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Review: 'The Bent Back Tulips'
'Looking Through...'   

-  Label: 'eggBERT Records'
-  Genre: 'Nineties' -  Release Date: '1994'-  Catalogue No: 'ER80015CD'

Our Rating:
This is the second album I'm recommending as a great lost album that's perfect as a stocking filler or to spend your online music tokens on or just as a present for anyone seriously into great powerpop and guitar bands of the 1980's and early non grunge 1990's.

Looking Through... The Bent Backed Tulips was the second album John Easdale of Dramarama asked me if I had while chatting to him at the band's first ever London show at The Black Heart in Camden earlier in the year and I had to say I didn't have it and I even managed to forget that I did own one of the songs I Don't Know Why that featured on a New Rose Records compilation but I certainly didn't own a whole album by them.

So John having been kind enough to send me a copy of what the sticker on the front describes as the great lost Dramarama album I can only say how happy I am to finally have this album that came out in 1994 even if most of the songs were recorded in 1988 and to also confirm that if you hadn't been lucky enough to hear about it previously it is still the great lost Dramarama album and that the cd comes with 9 songs more than the original release on New Rose if you were lucky enough to have bought one. Also The Bent Back Tulips are a 4 piece rather than the 6 piece version of the band on Box Office Bomb.

The album opens with an impassioned version of Stevie Wonder's I Don't Know Why that while not sounding at all soulful has enough of a pleading feel to it to get across the despair in the question of not knowing why you love someone. I Think sounds well just like a great Dramarama song as John wonders about what he should think about you over some really cool driving pop rock.

Bennies Go Home could be about drugs or it could be about dumping another woman or just desperation in general but has a cool revolving riff that keeps a cool poppy edge to it. Come (To Meet Me) is a letter to an ex who no longer comes to see him but who he believes really still want to come and meet him.

Will you Tie me Down and beat me for not having bought this album years ago? Even if the song of that name is a full on plea to be tied down rather than up and make that commitment, that you are unable to do, you could make that decision during the glorious wailing guitar solo in-between the verses.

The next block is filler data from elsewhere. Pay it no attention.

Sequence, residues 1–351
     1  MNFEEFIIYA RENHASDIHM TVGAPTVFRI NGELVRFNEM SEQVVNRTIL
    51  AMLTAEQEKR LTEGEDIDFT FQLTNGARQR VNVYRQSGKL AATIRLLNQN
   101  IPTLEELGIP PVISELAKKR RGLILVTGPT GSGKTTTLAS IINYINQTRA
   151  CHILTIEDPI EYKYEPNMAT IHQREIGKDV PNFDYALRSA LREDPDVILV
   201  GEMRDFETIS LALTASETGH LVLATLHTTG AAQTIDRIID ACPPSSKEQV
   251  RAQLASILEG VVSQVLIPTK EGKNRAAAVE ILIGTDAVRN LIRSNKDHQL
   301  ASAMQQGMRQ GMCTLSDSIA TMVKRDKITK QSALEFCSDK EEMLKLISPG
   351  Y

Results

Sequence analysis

On The Streets is stripped bare emotions on a mainly acoustic love letter to a love that wanted everything and she couldn't quite have it all while he resists the urge to chase her down the streets. She's Got A Right is sort of her side of the story and what she says about your behavior with a cool acoustic guitars with tambourine and minimal adornment.

Real Easy is about how to frame that question in a way that answers why it went wrong again and doesn't it always seem to go wrong. Long Long Gone continues the mellow mood and the regret for a long gone love as you wonder where she's gone.

The second cover on the album is a version of Ooh La La a song that more than fits lyrically with the bands normal love gone wrong lyrics and John understands why the two Ron's wished they knew more about women's ways than they did when they were younger this is a cool version that sounds a bit Slim Chance like in its delivery even if I can't see any of this lot wearing neckerchiefs.

Another Day Away closed the original album in a very brief 42 seconds of regret that you've gone and moved on. Before the bonus songs begin with Sweet Young Thing that is a full on song as they lust after a Sweet Young Thing and no it doesn't make clear how young the woman who knocks on their door is but then did anyone ask Michael Nesmith that question when The Monkees sang it.

Well of course the Catastrophy they are singing about is another problem in love that can only be solved by the power of glorious guitars and sweet drumming. Soon enough they are Crawling away and hoping to be heard on the radio and let's face it most of the songs on this album would sound great on the radio as they let rip and really get the guitars going.

Here You Are sounds like a lost garage rock classic that is just missing the fuzz guitars as the guitars on it are pretty clean and just going for it and a chorus that you want to sing along too. Convenience Store sounds like the sort of songs whose lyrics might have been dashed off in the back of the tour bus as you notice how the convenience stores across America are similar and yet you always want to go to more of them to fix the need you have for more odd things at odd times.

Maraschino Lies is a bit dreamy and also a bit worrying as he tells the Maraschino not to tell anyone what went on although I don't think it's about popping cherries thankfully. Just don't ask what Maraschino lies about. TV-Made-Movie is all backwards guitars and late night sounds for a movie we probably don't need to see.

Sun Eye is a cool cover of an obscure Marc Bolan song and it makes a change to hear someone covering something other than his hits, this has a good odd time signature as you'd expect as well as being mainly acoustic. The album closes with Too Late and well it's Too Late to claim I always loved this album but now I own a copy I will certainly be listening to it and loving it in the years to come and you should find a copy so you can too. Probably best to go to here https://www.discogs.com/The-Bent-Backed-Tulips-Looking-Through/release/920043
  author: simonovitch

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